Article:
Let Me Tell You What I Mean (Hardcover)
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Twelve early pieces never before collected that offer an illuminating glimpse into the mind and process of Joan Didion.
Mostly drawn from the earliest part of her astonishing five-decade career, the wide-ranging pieces in this collection include Didion writing about a Gamblers Anonymous meeting, a visit to San Simeon, and a reunion of WWII veterans in Las Vegas, and about topics ranging from Nancy Reagan to Robert Mapplethorpe to Martha Stewart.
Here are subjects Didion has long written about -- the press, politics, California robber barons, women, the act of writing, and her own self-doubt. Each piece is classic Didion: incisive and, in new light, stunningly prescient.
About the Author
JOAN DIDION is the author of five novels, ten books of nonfiction, and a play. Her book, The Year of Magical Thinking, won the National Book Award in 2005. She lives in New York.
HILTON ALS is the author of The Women and White Girls. He is a staff writer for The New Yorker and teaches at Columbia University.
"A slender, highly satisfying collection . . . In an appreciative introduction, New Yorker theater critic Hilton Als praises Didion as “a carver of words in the granite of the specific.” Stylistic precision and the “energy and shimmer” of her prose are fully evident in this volume of previously uncollected pieces . . . All reveal the author’s shrewd, acerbic critical eye . . . Didion’s rejection from Stanford elicited an essay about college as consumption, and her skewering of consumption and artifice recur as themes—for example, in her observation of the ways women stage themselves for portrait photographs. Several particularly revealing essays focus on writing." —Kirkus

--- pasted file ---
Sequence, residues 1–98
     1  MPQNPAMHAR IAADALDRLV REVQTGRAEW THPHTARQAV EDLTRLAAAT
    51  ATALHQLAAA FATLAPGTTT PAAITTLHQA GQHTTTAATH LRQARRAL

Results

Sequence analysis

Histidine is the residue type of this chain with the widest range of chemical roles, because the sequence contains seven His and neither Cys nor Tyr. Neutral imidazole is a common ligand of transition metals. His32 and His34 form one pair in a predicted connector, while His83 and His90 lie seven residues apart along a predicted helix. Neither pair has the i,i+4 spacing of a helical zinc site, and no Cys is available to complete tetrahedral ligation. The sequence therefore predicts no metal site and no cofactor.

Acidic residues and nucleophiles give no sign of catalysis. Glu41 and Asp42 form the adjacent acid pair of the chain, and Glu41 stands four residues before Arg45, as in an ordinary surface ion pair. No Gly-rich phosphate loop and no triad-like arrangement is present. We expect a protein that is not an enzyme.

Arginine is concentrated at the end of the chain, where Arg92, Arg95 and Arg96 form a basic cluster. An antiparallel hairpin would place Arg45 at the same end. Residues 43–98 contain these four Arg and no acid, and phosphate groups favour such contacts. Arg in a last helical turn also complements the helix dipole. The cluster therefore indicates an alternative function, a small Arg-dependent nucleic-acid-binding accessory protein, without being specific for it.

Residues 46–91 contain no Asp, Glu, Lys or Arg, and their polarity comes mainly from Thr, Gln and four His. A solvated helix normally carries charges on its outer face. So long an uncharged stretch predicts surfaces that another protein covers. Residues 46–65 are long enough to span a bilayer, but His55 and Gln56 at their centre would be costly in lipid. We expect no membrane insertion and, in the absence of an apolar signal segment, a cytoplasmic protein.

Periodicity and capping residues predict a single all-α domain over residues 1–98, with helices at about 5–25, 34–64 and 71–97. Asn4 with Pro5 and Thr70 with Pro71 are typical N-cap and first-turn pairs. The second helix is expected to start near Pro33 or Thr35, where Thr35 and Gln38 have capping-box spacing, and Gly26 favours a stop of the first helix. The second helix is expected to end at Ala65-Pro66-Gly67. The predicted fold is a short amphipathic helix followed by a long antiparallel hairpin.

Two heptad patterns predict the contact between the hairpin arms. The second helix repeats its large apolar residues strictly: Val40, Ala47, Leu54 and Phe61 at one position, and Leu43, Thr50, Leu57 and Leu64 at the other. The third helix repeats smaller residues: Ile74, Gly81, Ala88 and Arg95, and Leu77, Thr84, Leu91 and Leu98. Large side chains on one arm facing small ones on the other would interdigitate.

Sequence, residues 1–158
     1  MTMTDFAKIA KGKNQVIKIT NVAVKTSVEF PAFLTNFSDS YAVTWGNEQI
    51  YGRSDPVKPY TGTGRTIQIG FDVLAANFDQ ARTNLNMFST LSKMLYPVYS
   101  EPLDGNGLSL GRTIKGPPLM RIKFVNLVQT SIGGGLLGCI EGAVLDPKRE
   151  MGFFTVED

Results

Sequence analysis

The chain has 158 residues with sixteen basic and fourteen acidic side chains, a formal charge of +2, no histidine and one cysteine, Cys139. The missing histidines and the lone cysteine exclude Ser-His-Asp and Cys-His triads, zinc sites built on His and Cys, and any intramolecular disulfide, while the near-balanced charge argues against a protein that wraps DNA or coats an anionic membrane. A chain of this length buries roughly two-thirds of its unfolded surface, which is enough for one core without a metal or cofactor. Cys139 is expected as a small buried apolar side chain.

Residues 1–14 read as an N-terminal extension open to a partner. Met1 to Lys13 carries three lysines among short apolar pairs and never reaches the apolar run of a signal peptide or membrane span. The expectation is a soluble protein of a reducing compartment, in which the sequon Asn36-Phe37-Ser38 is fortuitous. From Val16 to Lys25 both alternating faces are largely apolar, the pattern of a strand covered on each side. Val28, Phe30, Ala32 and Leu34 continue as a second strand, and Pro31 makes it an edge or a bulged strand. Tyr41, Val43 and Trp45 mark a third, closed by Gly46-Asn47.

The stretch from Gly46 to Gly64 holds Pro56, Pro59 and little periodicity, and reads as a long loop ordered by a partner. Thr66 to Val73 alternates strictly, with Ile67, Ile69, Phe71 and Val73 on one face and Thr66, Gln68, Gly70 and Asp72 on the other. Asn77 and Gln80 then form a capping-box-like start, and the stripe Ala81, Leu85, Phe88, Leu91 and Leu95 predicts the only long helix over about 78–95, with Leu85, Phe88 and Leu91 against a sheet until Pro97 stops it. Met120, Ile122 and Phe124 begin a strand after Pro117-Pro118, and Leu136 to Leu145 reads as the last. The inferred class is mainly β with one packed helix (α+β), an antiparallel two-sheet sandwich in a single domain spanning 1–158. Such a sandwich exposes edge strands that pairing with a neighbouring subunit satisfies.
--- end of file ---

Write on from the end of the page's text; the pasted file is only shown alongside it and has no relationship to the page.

"This wide-ranging essay collection from Didion showcases her strengths as a short form writer . . . The pieces trace Didion’s development as an essayist and offer glimpses of late-20th-century social history . . . As always, the writing is captivating . . . Didion fans new and old will be delighted." —Publishers Weekly
"[A] dozen arresting, mind-tuning, previously uncollected essays in this exhilarating and instructive gathering spanning several decades . . . [Writing is] a voyage of discovery for Didion, conducted via meticulous observation and assiduous questioning of what she thinks and how her investigations make her feel. We see this at work in her responses to a reunion of the WWII 101st Airborne Division during the Vietnam War and a photo shoot with Nancy Reagan, and in profiles of Robert Mapplethorpe and Martha Stewart. Didion is both porous and steely, self-deprecating and in command. With a perceptive foreword by Hilton Als, who discerns the “uncanny” in Didion’s exacting work, this an illuminating and inspiring addition to the influential Didion canon." —Donna Seaman, Booklist